Watercolor on ivory. The painting is an oval surrounded by dark wood frame with ornate flower relief pattern. The painting depicts a white man wearing a sack coat, brown vest, black stock, and white collar. Subject is facing slightly right, in front of a blue backdrop.
This portrait was painted around 1825 by an unidentified artist, and it depicts fur trader Jean Baptiste Beaubien.
Jean Baptiste Beaubien, whom the portrait depicts, was an agent of the northern Illinois branch of the American Fur Company. At one point early in the 19th century, he headed the company's outfit.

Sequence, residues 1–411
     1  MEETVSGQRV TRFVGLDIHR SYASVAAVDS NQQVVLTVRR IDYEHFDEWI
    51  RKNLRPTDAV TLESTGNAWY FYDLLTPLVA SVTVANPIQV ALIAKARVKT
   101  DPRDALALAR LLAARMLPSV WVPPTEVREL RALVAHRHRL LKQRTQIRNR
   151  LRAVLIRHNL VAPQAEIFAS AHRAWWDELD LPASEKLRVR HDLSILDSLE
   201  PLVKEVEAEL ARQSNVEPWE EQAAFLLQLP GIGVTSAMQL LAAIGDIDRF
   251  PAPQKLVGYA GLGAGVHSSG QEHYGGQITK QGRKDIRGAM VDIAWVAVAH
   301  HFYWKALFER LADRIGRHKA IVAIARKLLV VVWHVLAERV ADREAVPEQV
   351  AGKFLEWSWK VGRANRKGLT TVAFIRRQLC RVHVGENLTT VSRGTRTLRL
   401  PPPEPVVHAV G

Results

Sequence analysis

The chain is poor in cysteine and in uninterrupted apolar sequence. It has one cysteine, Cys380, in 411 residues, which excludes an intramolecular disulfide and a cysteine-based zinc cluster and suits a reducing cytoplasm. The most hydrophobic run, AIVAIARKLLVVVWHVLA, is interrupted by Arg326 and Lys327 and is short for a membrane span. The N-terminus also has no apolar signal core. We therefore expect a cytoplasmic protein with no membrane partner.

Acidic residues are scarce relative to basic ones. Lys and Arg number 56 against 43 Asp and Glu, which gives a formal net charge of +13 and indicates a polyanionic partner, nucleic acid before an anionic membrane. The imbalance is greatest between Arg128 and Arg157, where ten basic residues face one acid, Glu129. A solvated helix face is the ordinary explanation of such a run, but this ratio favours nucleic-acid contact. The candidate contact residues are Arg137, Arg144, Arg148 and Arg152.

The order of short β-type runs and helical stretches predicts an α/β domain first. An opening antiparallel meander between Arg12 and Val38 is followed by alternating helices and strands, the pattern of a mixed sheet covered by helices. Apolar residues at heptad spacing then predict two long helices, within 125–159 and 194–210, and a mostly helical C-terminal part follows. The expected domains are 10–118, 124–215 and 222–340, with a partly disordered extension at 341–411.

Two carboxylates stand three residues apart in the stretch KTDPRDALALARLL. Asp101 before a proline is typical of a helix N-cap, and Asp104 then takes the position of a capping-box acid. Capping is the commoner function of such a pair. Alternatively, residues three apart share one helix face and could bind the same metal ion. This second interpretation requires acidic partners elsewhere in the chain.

The portrait depicts Jean Baptiste Beaubien, a French Creole from Detroit and prominent agent of the northern Illinois branch of the American Fur Company, which established operations in Chicago in 1816. John Kinzie and Antoine Deschamps were the company's first agents in Northern Illinois. Beaubien was appointed in 1819 to aid Kinzie, and eventually became head of the outfit. He traded with Native Americans such as Shabonna, a Potawatomi-Ottawa chief who lived south of Chicago. Beaubien then married a Native American woman, who helped him form profitable trading alliances with Native Americans throughout the region. The fur trade was the core of Chicago's economy in the early 19th century, and Jean Baptiste Beaubien was an important part of that industry.